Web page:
A blog touching on governance issues important for the open exchange of ideas between the business community and academia.

Missing From the Penn State Discussion

Mon, 2013-03-04 11:01

Missing From the Penn State Discussion

The recent governance headlines concerning the fallout from the inability of Penn State’s board to govern have focused on what the board knew or didn’t know and the lack of a process to assess and manage risk. As always, there is a great temptation in our culture to serve as judge, juror and key consultant to those who have stumbled and failed. Numerous articles, speeches, panel discussions and webinars from key thought leaders in the field of board governance continue to discuss what went wrong and what should be done to ensure that the same incident could not happen again.

Don’t get me wrong, the dialogue is welcomed and I believe will lead to a revolution of ideas that will have a massive impact on best practices acutely needed in today’s nonprofit boardrooms. However there is another discussion that is missing from the dialogue and that is the answer to the question that everyone in a public or private boardroom should consider which is not “Did anyone affiliated with our Company serve on the board of Penn State and if so what are we doing as a company to protect our brand?” but, “What guidance and oversight can we provide to our employees to ensure that their seat in a nonprofit boardroom is occupied with an individual who is informed and will advocate best practices for that nonprofits stakeholders.

First let me say, that on a personal level, what happened to the children on Penn State’s campus and their lack of a voice both during and after the incidents is appalling. And, it is critical that companies continue to encourage and commit that their employees invest their time to support and provide leadership on nonprofits boards. However, in light of this recent tragedy it is imperative that a company provide their employees with the tools to promote best practices in the nonprofit board room. A company’s current shareholders should have limited risk from the good works that the thought leadership of the company has engaged in. I suggest that the board and CEO consider the following measures to align their interest—possibly through the filter of the CSR Policy—to ensure that their employees and board members have the information and training they need to back best practices in the nonprofit boardroom they serve.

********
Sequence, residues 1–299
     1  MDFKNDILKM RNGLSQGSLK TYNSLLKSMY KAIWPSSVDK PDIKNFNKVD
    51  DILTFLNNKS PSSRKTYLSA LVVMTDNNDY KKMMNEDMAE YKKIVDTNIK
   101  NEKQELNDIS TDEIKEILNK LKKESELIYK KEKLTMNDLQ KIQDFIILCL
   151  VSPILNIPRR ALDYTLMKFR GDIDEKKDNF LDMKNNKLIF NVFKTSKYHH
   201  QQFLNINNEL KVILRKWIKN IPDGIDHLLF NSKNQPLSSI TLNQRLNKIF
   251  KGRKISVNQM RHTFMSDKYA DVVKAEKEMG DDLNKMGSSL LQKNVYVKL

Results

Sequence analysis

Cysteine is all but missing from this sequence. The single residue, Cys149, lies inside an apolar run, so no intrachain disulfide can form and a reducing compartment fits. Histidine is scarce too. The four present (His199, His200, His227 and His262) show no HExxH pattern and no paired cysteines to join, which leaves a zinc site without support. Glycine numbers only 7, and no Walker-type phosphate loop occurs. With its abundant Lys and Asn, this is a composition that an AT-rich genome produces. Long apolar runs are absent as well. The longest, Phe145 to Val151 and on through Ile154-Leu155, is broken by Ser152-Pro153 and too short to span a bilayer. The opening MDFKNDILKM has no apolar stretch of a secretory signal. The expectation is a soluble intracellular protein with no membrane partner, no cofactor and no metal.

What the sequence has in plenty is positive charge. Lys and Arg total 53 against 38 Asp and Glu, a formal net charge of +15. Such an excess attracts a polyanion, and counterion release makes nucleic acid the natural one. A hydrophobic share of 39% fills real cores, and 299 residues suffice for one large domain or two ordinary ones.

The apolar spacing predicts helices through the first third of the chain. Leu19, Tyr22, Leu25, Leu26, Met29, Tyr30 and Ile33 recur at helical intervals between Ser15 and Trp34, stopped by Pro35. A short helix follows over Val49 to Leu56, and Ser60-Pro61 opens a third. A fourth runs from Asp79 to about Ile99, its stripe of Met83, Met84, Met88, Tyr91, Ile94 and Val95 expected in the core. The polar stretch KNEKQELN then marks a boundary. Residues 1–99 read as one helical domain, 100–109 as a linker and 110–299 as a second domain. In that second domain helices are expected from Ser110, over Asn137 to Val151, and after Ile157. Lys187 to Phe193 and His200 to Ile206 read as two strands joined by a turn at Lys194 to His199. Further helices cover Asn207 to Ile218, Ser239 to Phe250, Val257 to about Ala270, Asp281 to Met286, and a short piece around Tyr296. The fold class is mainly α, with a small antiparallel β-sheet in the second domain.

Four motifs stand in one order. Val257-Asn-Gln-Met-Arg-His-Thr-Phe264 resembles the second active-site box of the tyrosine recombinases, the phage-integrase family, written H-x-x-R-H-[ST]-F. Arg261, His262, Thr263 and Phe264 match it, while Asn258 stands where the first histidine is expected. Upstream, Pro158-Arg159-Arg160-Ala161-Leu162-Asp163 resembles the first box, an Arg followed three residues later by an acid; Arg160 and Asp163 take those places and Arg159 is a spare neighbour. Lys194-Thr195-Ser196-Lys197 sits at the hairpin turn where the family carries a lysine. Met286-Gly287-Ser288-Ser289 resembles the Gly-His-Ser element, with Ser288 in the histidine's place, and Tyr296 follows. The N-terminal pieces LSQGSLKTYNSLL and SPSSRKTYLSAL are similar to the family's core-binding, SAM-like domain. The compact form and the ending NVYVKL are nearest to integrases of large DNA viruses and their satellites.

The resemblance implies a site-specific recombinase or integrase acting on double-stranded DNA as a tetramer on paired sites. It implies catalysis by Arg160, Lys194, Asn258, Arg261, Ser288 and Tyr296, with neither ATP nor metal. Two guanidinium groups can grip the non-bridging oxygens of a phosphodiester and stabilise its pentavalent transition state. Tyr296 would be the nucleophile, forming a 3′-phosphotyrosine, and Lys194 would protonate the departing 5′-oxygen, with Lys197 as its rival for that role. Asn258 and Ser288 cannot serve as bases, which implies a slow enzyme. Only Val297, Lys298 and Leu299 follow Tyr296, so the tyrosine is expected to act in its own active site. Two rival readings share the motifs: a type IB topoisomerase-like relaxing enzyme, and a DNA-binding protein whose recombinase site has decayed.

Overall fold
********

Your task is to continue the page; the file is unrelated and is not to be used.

Make sure your employees know that serving on a nonprofit board is no different than serving on a public or private board. They have the same duty’s to the entity’s shareholders and key stakeholders to:

  • Duty of Loyalty, Duty of Care
  • Hire and fire the CEO
  • Provide Fiscal and fiduciary oversight
  • Provide Strategic oversight
  • Inventory what nonprofit boards your Board and employees serve on – While strategically it may benefit a company to have its CEO and “C” suite executives on nonprofit boards for networking, exposure and brand association and inventory would allow the company to reward those employees who give back to the community and encourage others to do so.
  • Compare your company’s strategic initiatives focusing on your CSR statement with where your Company’s thought leadership is invested and access the gaps and overlap.